Booth Museum of Natural History

Booth Museum of Natural History
Photo by Tony Mould
Booth Museum, Date unknown: Photograph of the interior of the Booth Museum.
Image reproduced with kind permission from Brighton and Hove in Pictures by Brighton and Hove City Council
Booth Museum of Natural History
Photo by Tony Mould

Please note that this text is an extract from a reference work written in 1990.  As a result, some of the content may not reflect recent research, changes and events.

e) BOOTH MUSEUM OF NATURAL HISTORY: This building was erected in a quite isolated position in 1874 by Thomas Booth to house his collection of stuffed British birds displayed in their natural habitats. Following Booth’s death in 1890 the collection was offered to the Natural History Museum at South Kensington which declined owing to a lack of space, but his widow then presented the museum and its 308 exhibits to the town in October 1890 on condition that the display cases should not be altered. The museum was formally opened to the public the following year, and the bird collections have since been augmented by several other private collections.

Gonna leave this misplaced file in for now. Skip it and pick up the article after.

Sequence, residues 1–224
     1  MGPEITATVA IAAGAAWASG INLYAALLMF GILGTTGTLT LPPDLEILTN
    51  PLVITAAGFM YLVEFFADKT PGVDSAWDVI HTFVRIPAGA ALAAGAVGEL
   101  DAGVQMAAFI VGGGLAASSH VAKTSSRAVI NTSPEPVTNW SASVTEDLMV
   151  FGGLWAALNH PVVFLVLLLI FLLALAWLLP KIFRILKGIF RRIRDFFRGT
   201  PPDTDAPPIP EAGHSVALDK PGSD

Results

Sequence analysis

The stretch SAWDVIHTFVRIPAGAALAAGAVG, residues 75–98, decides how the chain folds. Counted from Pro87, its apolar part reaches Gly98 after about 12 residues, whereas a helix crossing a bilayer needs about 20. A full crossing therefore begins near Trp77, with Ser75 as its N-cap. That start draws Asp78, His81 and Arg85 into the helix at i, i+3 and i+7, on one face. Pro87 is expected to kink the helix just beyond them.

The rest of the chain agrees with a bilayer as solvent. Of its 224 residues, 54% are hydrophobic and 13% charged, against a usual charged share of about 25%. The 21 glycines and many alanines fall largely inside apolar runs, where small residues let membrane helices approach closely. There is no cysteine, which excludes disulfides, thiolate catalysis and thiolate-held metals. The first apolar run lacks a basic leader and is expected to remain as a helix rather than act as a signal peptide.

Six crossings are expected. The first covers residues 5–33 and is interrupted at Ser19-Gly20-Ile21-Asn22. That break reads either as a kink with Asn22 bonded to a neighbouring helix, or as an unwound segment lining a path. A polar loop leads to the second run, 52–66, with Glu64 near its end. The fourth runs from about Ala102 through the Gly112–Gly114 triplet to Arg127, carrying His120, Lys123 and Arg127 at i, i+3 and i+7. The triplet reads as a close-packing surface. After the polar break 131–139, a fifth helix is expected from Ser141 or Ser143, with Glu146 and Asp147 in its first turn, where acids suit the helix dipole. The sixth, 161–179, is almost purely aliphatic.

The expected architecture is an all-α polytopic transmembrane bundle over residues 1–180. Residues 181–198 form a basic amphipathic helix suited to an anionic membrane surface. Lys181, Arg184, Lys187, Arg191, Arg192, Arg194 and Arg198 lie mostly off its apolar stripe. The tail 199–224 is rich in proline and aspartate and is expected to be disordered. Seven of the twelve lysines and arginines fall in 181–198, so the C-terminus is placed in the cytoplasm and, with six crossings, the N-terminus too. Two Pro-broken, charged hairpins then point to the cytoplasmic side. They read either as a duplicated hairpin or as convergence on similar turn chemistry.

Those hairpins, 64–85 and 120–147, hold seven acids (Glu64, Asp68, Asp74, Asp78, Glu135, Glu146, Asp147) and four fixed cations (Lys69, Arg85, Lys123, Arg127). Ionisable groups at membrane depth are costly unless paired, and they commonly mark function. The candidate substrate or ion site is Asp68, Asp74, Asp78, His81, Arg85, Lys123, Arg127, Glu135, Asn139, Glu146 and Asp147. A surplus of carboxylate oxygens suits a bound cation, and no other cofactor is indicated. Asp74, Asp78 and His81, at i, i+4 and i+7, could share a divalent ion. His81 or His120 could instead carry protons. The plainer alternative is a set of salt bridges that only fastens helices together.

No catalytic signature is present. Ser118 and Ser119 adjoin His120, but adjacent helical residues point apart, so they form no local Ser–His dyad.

In 1973 Booth’s was redesignated a museum of natural history, and the town’s zoological, geological and natural history collections were transferred from Church Street; the new galleries were formally opened on 13 February 1976 by Dr Desmond Morris. Booth’s Museum now houses the second largest regional natural history collection in the country with 621,000 items, and contains displays of butterflies, moths and other insects; skeletons; reptiles; mammals; geological exhibits; and, of course, Thomas Booth’s birds in their original cases. It attracts around 50,000 visitors a year and maintains free admission.
Thomas Booth himself was born at Chalfont St Giles, Buckinghamshire, in 1840 and lived adjacently to his museum in Bleak House, demolished in about 1939 for the erection of Fairways and Elm Court.

Any numerical cross-references in the text above refer to resources in the Sources and Bibliography section of the Encyclopaedia of Brighton by Tim Carder.

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